The current economic climate has prompted borrowers to seek more flexibility for their financing arrangements. One option that may be available to them is an accordion facility, otherwise known as an 'incremental' facility.

This briefing outlines the key characteristics of incremental facilities.

Incremental facilities, once the preserve of leveraged finance deals, have become increasingly common across the loan market. Such facilities allow borrowers to have access to additional funding in a relatively small amount of time as typically only the consent of the lenders providing the financing and the administrative agent is needed. Consent from the non-participating lenders is not typically needed as there already is a pre-approved mechanism to introduce additional term or revolving facilities. The incremental facility is uncommitted until the mechanism is exercised.

The Loan Market Association has acknowledged the prevalence of incremental facilities by providing for some optional incremental facility provisions to be included in its form of facilities agreement for leveraged acquisition finance transactions.

Incremental facilities are used to increase the borrowing capacity of a borrower in connection with capital expenditure, to finance the acquisition of new business entities, to refinance existing debt or for general corporate purposes. The terms of the incremental facility will often match those of the existing facility save for typically the margin and repayment profile.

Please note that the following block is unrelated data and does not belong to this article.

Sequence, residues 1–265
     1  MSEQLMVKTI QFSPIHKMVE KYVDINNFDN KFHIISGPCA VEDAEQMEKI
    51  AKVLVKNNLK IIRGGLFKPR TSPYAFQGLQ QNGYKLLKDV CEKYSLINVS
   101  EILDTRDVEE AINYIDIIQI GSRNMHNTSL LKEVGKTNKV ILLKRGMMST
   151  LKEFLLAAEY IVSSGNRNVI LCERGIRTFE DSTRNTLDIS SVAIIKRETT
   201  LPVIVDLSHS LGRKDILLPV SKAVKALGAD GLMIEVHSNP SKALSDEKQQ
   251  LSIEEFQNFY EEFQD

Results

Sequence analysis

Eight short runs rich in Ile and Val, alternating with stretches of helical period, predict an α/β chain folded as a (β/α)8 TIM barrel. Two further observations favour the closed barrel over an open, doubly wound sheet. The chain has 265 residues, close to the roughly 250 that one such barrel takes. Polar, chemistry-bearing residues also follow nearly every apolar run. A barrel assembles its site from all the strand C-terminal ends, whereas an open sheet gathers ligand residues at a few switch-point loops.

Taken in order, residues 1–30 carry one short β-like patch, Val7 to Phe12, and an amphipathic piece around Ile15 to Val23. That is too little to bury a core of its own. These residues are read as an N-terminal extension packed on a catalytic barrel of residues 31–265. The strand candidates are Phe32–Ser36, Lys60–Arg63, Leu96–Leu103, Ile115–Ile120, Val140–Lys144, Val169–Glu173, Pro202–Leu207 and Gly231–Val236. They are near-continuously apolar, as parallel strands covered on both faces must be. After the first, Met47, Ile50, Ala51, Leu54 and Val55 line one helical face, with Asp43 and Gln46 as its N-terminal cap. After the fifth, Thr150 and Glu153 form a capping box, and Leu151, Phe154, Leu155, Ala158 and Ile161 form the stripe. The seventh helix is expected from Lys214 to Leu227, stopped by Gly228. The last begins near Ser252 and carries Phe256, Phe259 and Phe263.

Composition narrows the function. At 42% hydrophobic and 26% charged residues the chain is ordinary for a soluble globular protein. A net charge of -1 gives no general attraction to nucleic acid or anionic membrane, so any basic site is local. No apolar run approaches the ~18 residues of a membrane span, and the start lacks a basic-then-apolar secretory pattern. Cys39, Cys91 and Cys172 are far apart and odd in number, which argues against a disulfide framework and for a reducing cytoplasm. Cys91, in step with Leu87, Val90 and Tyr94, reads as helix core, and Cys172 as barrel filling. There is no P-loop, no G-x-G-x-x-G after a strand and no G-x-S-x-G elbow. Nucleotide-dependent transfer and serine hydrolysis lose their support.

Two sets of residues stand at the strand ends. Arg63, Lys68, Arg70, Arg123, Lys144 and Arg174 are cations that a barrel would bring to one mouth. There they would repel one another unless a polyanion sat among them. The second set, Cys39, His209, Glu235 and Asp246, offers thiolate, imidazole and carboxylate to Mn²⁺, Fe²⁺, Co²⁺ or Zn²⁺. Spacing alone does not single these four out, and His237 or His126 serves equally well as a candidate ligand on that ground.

In practice and in order to exercise the incremental option, the borrower will issue a request to the facility agent and the existing lenders will have the option to participate in the increased commitments. Should they decide to not participate, their portion of the increased commitments will either be offered to the other existing lenders or to new lenders who do have the appetite. The process is subject to a specified timescale to ensure the borrower receives a timely response to its request.

To protect the existing lenders, the following terms often apply:

  • a bullet repayment profile with the maturity date set after the existing term loan maturity date
  • a cap on the amount of the incremental facilities (and the number of requests that can be made)
  • a cap on the margin and fees payable on the increased commitments
  • a requirement for separate credit approval from the lenders providing the additional facilities and 'know your customer' requirements for new lenders.

The benefits that incremental facilities offer to borrowers whose funding needs are expected to increase is becoming more widely recognised in the mid-market. They are particularly attractive as a means of providing quick finance for acquisition opportunities, avoiding the sometimes lengthy process of negotiating new facilities. Negotiating the right terms at the outset is key to ensuring the intended benefits are realised for the borrower without compromising the position of the lenders in relation to the day one financing.